The following year, McDaniel was in Warner Bros' Thank Your Lucky Stars, with Humphrey Bogart and Bette Davis. In its review of the film, Time listed McDaniel was one of the points of relief in an otherwise "grim study," saying, "Hattie McDaniel, whose bubbling, blaring good humor more than redeems the roaring bad taste of a Harlem number called Ice Cold Katie."[22]

Hattie McDaniel continued to play maids during the war years, in Warner Bros' The Male Animal (1942) and United Artists' Since You Went Away (1944), but her feistiness was toned down.

She made her last film appearances in Mickey (1948) and Family Honeymoon (1949). She was still quite active on radio and television in her final years, becoming the first major African American radio star with her comedy series Beulah. She starred in the ABC television version, taking over for Ethel Waters after the first season. It was a hit, earning McDaniel $2,000 a week. After filming a handful of episodes, however, McDaniel learned she had breast cancer. By the spring of 1952, she was too ill to work and was replaced by Louise Beavers.[23]

Off-camera

Legal case: Victory on "Sugar Hill"

Time magazine, December 17, 1945:

Spacious, well-kept West Adams Heights still had the complacent look of the days when most of Los Angeles' aristocracy lived there. But the look was deceiving. In the Los Angeles courtroom of Superior Judge Thurmond Clarke last week some 250 of West Adams' residents stood at swords' points.
Their story was as old as it was ugly. In 1938, Negroes, willing and able to pay $15,000 and up for Heights property, had begun moving into the old colonial mansions. Many were movie folk—Actresses Louise Beavers, Hattie McDaniel, Ethel Waters, etc. They improved their holdings, kept their well-defined ways, quickly won more than tolerance from most of their white neighbors.
But some whites, refusing to be comforted, had drawn up a racial restriction covenant among themselves. For seven years they had tried to sell it to the other whites, but failed. Then they went to court ...
Superior Judge Thurmond Clarke decided to visit the disputed ground—popularly known as "Sugar Hill." ... Next morning, ... Judge Clarke threw the case out of court. His reason: "It is time that members of the Negro race are accorded, without reservations or evasions, the full rights guaranteed them under the 14th Amendment to the Federal Constitution. Judges have been avoiding the real issue too long."
Said Hattie McDaniel, of West Adams Heights: "Words cannot express my appreciation."[24]

It was McDaniel, the most famous of the black homeowners, who helped to organize the black West Adams residents that saved their homes. Loren Miller, a local attorney and owner/publisher of the California Eagle newspaper represented the homeowners in their restrictive covenant case.[25] In 1944, he had won the case Fairchild v Rainers, a decision for a black Pasadena, California, family that had bought a non-restricted lot but was sued by white neighbors anyway.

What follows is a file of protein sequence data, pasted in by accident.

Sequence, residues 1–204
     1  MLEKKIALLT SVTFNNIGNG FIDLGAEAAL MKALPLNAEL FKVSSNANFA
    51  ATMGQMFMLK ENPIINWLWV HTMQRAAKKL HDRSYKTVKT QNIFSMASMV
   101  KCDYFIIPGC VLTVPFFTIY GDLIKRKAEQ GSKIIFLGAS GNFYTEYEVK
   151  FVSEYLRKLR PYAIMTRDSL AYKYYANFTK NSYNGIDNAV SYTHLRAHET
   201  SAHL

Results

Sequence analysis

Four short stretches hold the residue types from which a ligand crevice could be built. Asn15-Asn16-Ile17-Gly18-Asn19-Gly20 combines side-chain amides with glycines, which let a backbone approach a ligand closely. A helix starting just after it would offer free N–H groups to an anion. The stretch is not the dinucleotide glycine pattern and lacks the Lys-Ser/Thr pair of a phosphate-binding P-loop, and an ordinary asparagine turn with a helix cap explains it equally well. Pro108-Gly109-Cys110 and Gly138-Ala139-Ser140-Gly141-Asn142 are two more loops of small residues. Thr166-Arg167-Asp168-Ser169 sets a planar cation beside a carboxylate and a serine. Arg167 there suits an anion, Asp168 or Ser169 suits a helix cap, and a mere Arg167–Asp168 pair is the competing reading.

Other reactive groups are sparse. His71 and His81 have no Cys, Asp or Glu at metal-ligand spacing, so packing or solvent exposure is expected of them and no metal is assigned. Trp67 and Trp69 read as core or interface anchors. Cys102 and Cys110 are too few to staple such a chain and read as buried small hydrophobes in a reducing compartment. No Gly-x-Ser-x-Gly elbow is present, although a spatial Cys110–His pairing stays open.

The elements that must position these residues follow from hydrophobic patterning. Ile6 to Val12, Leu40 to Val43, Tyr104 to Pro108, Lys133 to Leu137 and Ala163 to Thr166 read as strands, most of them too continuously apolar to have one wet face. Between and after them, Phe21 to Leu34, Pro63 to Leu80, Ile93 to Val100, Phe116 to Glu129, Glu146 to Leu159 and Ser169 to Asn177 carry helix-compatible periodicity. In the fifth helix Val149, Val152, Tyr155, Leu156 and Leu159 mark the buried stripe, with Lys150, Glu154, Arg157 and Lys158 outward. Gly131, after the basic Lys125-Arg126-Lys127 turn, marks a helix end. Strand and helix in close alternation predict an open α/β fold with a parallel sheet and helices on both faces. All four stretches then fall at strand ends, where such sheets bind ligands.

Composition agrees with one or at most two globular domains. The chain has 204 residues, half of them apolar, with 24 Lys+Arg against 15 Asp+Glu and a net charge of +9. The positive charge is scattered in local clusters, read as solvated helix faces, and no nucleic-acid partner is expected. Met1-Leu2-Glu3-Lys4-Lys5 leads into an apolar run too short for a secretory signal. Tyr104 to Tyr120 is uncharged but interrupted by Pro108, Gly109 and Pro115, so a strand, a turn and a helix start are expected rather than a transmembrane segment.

McDaniel had purchased her white two-story, seventeen-room house in 1942. The house included a large living room, dining room, drawing room, den, butler's pantry, kitchen, service porch, library, four bedrooms and a basement. McDaniel had a yearly Hollywood party. Everyone knew that the king of Hollywood, Clark Gable, would be faithfully present at all of McDaniel's Movieland parties.[26]

Community service

McDaniel was also a member of Sigma Gamma Rho, one of four African-American Greek letter sororities in the United States. During World War II, McDaniel was the Chairman of the Negro Division of the Hollywood Victory Committee, providing entertainment for soldiers stationed at military bases. She also put in numerous personal appearances to hospitals, threw parties, performed at United Service Organizations (USO) shows and war bond rallies, to raise funds to support the war, on behalf of the Victory Committee.[27][28] Bette Davis also performed for black regiments as the only white member of an acting troupe formed by Hattie McDaniel, that also included Lena Horne and Ethel Waters.[29]

She joined Clarence Muse for an NBC radio broadcast to raise funds for Red Cross relief programs for Americans, many of them black, who had been displaced by devastating floods. Within the black community, she gained a reputation for generous giving, often without question feeding and lending money to friends and stranger alike.[30]

Marriages

While her career was advancing in the 1920s, her husband, George Langford, died soon after she married him in 1922, and her father died the same year. She married Howard Hickman in 1938 but divorced him later the same year. In 1941, she married James Lloyd Crawford, real estate salesman. In the book Bright Boulevards, Bold Dreams, by Donald Bogle, it is referenced that in 1945, McDaniel happily informed gossip columnist Hedda Hopper that she was pregnant. McDaniel began buying baby clothes and setting up a nursery. Her plans were shattered when the doctor informed her she had a false pregnancy; McDaniel fell into a depression. She divorced Crawford in 1945, after four and a half years of marriage. She said he was jealous of her career and once threatened to kill her.[31]

In Yuma, Arizona, on June 11, 1949, she married Larry Williams, interior decorator. She divorced him in 1950, after testifying that their five months together had been marred by "arguing and fussing." Ms. McDaniel broke down in tears when she testified that her husband tried to create dissension among the cast of her radio show and otherwise interfered with her work. "I haven't got over it yet", she said. "I got so I couldn't sleep. I couldn't concentrate on my lines."[32][33]